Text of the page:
Bitcoin can also be bought online at a cryptocurrency exchange or via a cryptocurrency trading platform by:

  • 'trading' established currencies or other cryptocurrency into bitcoin; or
  • selling (digital) goods or rendering services with bitcoin as the payment currency.

Where do new bitcoin come from?

As well as being bought or traded, bitcoin can also be obtained by creating new ones, a process known as 'mining'.

To mine bitcoin, a challenging mathematical puzzle must be solved, a process that requires ever increasing amounts of computing power. So 'mining' is effectively trading electricity for bitcoin.

After solving the puzzle, the miner is rewarded with a pre-defined amount of sub-units of bitcoin (according to the computing power they contributed to solving the puzzle). The computing power invested for mining new bitcoin also verifies previous transactions, so mining incentivises the validation of transactions.

The maximum amount of available bitcoin is limited to 21 million units. So the reward for mining reduces over time, until someday there will be no reward for solving the puzzle at all.

As bitcoin's only function is being a trading good, the value attributed to bitcoin is essentially a result of being a limited resource and the ever-increasing energy costs needed to create it.

The legal status of bitcoin

In most jurisdictions, bitcoin and other cryptocurrencies are intangible, digital goods representing a certain value.

But some legal systems also consider them as a taxable good. Japan, the second most important bitcoin market after China, was the first country to pass a law (on 1 April 2017) granting bitcoin the status of legal tender.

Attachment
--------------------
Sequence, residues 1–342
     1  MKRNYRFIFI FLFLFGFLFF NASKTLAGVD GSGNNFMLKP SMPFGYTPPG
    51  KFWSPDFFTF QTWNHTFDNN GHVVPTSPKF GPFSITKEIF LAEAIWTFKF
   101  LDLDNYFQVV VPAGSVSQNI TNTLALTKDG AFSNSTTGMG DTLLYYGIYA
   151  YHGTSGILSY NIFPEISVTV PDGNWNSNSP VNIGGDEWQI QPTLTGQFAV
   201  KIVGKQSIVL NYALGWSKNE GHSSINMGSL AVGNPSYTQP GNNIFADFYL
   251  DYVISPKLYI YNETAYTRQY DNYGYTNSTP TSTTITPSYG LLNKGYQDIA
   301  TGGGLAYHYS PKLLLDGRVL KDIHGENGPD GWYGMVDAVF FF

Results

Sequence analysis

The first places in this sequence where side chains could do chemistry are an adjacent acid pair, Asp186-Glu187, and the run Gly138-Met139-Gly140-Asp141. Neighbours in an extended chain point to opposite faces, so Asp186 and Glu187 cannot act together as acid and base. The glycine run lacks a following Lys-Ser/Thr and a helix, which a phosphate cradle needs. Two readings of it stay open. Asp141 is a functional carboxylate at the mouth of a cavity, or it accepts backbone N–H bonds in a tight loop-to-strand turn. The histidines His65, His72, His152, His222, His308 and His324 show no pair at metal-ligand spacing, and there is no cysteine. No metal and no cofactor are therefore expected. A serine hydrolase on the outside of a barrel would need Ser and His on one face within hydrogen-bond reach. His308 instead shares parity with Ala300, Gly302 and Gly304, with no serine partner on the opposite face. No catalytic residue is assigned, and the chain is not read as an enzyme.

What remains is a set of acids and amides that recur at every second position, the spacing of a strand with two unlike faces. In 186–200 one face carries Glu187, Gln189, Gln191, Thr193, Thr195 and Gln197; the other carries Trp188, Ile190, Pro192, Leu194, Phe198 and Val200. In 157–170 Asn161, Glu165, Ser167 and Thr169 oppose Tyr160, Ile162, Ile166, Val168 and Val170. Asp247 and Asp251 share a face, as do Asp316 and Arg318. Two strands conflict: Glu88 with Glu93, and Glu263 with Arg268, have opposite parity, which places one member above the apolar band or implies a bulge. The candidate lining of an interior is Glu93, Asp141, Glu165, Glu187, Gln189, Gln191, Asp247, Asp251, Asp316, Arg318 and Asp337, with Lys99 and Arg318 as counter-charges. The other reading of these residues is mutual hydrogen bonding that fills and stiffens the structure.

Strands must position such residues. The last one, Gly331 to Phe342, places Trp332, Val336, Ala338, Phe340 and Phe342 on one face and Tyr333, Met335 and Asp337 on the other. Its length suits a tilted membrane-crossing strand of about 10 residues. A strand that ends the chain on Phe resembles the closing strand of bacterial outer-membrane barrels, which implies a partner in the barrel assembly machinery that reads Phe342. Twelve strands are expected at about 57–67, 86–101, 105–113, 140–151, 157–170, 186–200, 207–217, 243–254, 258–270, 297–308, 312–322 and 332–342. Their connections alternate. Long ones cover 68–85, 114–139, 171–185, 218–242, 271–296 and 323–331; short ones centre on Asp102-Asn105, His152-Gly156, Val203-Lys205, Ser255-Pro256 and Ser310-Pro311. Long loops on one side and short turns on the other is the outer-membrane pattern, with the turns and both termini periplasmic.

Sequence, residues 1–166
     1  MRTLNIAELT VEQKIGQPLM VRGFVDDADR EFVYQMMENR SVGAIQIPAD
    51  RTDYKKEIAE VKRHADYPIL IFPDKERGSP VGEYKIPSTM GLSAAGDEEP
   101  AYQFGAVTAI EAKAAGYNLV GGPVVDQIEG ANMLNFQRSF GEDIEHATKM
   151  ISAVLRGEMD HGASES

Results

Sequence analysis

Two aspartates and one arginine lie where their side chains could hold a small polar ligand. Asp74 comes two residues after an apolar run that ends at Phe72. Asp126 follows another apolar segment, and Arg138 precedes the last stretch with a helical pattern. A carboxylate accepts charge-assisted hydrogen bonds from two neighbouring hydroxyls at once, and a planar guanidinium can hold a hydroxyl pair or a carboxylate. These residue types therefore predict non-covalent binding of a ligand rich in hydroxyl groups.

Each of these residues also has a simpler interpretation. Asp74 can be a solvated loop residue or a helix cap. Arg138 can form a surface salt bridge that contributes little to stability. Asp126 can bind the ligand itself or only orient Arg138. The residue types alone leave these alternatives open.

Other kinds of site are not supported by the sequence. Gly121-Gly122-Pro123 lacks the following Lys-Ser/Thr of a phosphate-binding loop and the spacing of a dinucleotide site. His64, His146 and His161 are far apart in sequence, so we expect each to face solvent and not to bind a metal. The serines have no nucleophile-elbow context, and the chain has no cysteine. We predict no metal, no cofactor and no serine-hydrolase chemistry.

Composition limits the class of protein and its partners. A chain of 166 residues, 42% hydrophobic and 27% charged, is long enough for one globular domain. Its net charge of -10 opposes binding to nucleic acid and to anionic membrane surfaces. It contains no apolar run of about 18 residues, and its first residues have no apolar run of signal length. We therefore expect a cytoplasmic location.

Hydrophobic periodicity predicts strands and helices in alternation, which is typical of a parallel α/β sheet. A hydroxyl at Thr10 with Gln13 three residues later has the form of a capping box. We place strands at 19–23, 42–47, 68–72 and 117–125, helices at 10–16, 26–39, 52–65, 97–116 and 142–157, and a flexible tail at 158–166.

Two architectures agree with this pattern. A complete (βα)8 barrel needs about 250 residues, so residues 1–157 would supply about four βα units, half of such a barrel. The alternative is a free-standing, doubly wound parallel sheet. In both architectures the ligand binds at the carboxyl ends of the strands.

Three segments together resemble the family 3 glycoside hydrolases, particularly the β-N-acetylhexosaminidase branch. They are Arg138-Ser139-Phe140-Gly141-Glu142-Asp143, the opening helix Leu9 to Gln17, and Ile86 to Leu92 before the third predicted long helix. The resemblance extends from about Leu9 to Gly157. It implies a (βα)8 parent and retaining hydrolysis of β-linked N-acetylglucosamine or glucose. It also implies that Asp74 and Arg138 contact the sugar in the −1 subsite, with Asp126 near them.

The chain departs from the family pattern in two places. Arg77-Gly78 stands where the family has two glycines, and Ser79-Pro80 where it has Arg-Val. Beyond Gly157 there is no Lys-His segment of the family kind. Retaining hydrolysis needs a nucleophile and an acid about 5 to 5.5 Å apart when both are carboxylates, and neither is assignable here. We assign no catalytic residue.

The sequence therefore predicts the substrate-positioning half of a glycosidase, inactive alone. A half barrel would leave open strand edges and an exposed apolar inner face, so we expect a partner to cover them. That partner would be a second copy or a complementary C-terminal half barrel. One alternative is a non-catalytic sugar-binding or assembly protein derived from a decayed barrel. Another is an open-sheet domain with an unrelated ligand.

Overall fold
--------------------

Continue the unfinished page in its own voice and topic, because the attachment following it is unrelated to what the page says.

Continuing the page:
The legal status of bitcoin has been subject to various reports and studies by financial regulators, such as the European Banking Authority, the Federal Reserve Banks in the United States and the Bank of England.

The economic impact of bitcoin

Bitcoin has a reputation for being used on the 'dark web' for illegal purposes. But it also has many positives.

For example, with only marginal transaction costs and no need for intermediaries, bitcoin embodies the concept of 'be your own bank'. Therefore, it can (in theory) be used for underbanked and economically underdeveloped regions, helping millions of people to access the globalised economy.

There are several million participants using a digital wallet and trading in cryptocurrencies. Bitcoin and other cryptocurrencies will surely only become more popular.

First steps towards smart contracts

The bitcoin blockchain provides for a rather simple scripting language. The payee may set certain attributes for the bitcoin amount paid. The attributed amount is then called a 'coloured coin', which may represent a certain asset, eg a software license, diamonds or a car.

Yet as the bitcoin blockchain is limited to the exchange of bitcoin, ie it cannot be used for the direct exchange of other assets, the use of coloured coins is not yet widespread.

Although rudimentary in nature, bitcoin has paved the way for smart contracts and related applications.